What are The Typical Career Paths for a Business Analyst?
According to Wikipedia, a Business Analyst is a ‘person who analyses an organisation or business domain and documents its business, processes, or systems, assessing the business model or its integration with technology’. The aim of a Business Analyst, or BA, is to find improvements in these processes or systems.
Current IT market trends
In GemPool, we are finding that our clients are asking for this skill set quite a lot. Right now, there are about 170 open roles for BA’s live in the market in Ireland. Considering that there are about 3858 (made up of all levels of seniority) BA’s in Ireland in total, the demand for Business Analysts could be easily argued to be very high.
It is important to note that there are a whole range of sub skills required for a BA, depending on what domain or level of technical knowledge is needed. Underpinning all BA roles though, is a requirement to use data driven analysis. Whether you are a BA focused on requirements gathering or a BA working with SQL, you must be data focused.
What I wanted to do today was to identify three potential career paths that Business Analysts often take. This could be useful if you are potentially starting out in your career as a BA or if you are considering your own career trajectory. Hopefully this article will give you some food for thought.
Three potential career paths for a Business Analyst to explore:
The Technical Road
If you have started your career working with software and moved into a BA role that focuses on software and systems, then you could be well positioned to build your career in this space. Be careful not to focus purely on developing your technical skills as this is only one part of the remit of a BA.
You must maintain a connection with the more commercial side of the business to be effective. But going down a more technical role will position you well for the IT sector. In this path you will work closely with engineering teams, quite often being the conduit between the software engineers and the business, ensuring everyone is pulling in the same direction and translating each side's requirements.
To be successful in this role, you need to know what the technical teams are doing, how long it might feasibly take and what resources are necessary. This needs a strong technical understanding.
Career progression as technical BA
You could expect to move into a role as a Senior BA or Principle BA, where you would work across multiple teams and projects. There is also the opportunity to work within Agile teams as a Product Owner or even Scrum Master.
Those BA’s that focus on more technical roles often develop very strong data analytics skills and can take large data sets, analyse trends and interpret the information to glean insights. This could lead into a Data Scientist role, which is in huge demand right now.
In Ireland, the IT & services industry has the largest numbers of BA’s working in it with 675 followed closely by financial services with 599, according to LinkedIn.
Ultimately, the technical road can bring you to a role as a CTO.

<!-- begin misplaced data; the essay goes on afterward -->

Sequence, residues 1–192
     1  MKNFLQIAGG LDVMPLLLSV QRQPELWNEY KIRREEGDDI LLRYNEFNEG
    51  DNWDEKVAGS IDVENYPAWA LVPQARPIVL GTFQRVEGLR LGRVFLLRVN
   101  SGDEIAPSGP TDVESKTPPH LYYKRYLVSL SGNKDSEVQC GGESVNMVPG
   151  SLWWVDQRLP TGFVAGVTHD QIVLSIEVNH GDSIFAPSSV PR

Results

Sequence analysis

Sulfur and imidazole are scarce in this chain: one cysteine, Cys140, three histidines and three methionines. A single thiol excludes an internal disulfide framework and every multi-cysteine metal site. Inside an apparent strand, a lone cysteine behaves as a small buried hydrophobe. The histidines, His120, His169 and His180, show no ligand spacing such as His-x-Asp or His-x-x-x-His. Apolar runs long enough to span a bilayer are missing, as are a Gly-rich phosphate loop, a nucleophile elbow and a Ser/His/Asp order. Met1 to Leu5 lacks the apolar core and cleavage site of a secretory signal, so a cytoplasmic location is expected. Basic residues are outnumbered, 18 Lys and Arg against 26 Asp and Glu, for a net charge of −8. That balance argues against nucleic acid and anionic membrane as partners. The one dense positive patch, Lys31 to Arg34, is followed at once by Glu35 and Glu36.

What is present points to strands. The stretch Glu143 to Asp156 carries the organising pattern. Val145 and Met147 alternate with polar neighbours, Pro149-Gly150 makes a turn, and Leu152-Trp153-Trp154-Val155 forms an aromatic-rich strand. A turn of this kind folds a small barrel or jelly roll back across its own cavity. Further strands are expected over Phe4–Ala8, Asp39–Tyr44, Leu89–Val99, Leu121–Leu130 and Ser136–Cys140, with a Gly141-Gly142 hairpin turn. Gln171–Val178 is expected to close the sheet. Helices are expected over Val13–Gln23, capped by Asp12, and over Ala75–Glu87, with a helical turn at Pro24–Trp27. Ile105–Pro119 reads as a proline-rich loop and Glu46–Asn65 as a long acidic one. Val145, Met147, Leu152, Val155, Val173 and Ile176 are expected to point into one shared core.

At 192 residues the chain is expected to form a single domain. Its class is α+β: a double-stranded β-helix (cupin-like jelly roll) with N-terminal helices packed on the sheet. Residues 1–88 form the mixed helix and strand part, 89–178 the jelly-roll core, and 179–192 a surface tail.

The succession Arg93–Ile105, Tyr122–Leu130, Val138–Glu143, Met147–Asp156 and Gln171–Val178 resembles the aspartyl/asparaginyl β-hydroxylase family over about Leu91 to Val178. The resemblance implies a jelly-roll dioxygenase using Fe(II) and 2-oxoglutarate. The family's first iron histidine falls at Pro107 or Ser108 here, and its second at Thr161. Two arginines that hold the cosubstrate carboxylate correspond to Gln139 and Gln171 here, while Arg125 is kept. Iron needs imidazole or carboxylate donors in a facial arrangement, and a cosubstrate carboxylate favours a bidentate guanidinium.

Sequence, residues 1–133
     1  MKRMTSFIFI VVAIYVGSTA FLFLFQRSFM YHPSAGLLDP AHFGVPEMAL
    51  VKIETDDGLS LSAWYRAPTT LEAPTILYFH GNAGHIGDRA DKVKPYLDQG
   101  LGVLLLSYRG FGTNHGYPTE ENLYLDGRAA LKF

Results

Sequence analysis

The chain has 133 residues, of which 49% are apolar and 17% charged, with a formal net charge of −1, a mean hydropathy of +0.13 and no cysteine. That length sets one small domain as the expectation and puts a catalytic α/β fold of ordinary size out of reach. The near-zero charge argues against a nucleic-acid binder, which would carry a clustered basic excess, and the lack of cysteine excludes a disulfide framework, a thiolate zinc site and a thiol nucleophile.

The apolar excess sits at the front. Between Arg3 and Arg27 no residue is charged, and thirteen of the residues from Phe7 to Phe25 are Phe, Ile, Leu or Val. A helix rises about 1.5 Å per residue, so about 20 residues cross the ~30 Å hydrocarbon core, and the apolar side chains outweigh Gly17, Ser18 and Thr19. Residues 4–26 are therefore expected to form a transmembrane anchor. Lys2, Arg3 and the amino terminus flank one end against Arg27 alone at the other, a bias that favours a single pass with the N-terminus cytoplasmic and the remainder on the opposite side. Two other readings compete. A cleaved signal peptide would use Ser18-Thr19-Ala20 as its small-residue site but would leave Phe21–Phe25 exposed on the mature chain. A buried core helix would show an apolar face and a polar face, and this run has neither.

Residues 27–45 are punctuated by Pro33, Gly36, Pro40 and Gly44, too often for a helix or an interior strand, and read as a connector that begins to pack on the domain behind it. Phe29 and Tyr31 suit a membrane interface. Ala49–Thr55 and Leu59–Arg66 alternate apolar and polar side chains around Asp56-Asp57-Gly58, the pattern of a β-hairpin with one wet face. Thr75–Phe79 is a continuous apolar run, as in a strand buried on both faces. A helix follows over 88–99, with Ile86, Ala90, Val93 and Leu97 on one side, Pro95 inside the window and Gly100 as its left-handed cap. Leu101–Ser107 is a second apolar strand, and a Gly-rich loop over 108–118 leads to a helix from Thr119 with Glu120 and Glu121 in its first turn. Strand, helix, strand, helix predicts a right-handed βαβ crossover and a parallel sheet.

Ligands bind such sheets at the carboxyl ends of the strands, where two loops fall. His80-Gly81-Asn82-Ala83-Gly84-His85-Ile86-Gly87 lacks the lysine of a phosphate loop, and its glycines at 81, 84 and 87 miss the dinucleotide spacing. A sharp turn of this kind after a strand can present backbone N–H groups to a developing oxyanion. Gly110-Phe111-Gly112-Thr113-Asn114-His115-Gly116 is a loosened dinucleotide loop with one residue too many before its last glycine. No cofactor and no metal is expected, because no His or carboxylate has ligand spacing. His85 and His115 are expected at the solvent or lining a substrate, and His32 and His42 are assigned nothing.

The Project Management Road
For many BA’s, their roles require them to work with many different stakeholders to gather, anticipate, organise, communicate and manage complex requirements for one or multiple projects.
Career path as a BA within Project Management
This naturally will develop into strong project management skills and means that there can be an obvious step into a project management role. From there, your career could find you working as a Senior Project Manager, then Programme Manager and ultimately Director of Project or Programme Management.
This path is often associated with BA’s who are focused on process improvements within organisations rather than systems and software. This ability to find efficiencies and performance improvement in processes is a very attractive skill within project management also.
A career that moves into project management and then up to C-suite will likely be a COO role.
The Consultant Road
For BA’s who spend a lot of time working across a particular domain, system or industry, they will become a subject matter expert after a few years. Gaining this very deep understanding in a niche area can be very valuable in the long term. A path that we quite often see is when a BA moves up in seniority but also in experience and then moving into a consultant role.
In this case you might work for a consultancy and then work with clients to help them with their processes or systems. You would go in, gain an understanding of the issues, and make proposals for solutions to these issues.
This can sometimes be highly technical or less so. But the key is that you bring a deep understanding that can benefit that client. This can be an interesting path as you get exposure to many different companies and challenges. For this you need to be someone who is strong in a client facing type of role. So communication is key. But if you are not a strong communicator, you will struggle as a BA on any career path.
If you are thinking of becoming a BA, or already are but considering which direction you want to go in, I hope this has provided you with some food for thought.
Being a Business Analyst is a really interesting and challenging job and is a highly sought after skill set in the market. As the world generates more and more data, and automates more and more task oriented work, the role of the BA will continue to be hugely important to businesses everywhere.
Thank you for taking the time to read this article. If you are a BA and looking for work, or just want some career advice, we would love to hear from you. Can you check out our IT career insights page to find more useful and relevant content. You can get in touch with us on firstname.lastname@example.org.